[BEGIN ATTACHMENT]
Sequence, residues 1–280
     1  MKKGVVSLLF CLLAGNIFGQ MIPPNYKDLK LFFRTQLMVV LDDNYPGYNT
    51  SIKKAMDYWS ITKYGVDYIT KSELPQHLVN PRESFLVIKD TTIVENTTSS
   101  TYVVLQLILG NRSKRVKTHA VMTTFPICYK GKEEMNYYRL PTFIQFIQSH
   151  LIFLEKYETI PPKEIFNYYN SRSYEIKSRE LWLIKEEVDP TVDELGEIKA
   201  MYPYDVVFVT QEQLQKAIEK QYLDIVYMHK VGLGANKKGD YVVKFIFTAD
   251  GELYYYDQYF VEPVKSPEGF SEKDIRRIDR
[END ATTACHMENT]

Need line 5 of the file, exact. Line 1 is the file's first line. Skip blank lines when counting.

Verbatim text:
   151  LIFLEKYETI PPKEIFNYYN SRSYEIKSRE LWLIKEEVDP TVDELGEIKA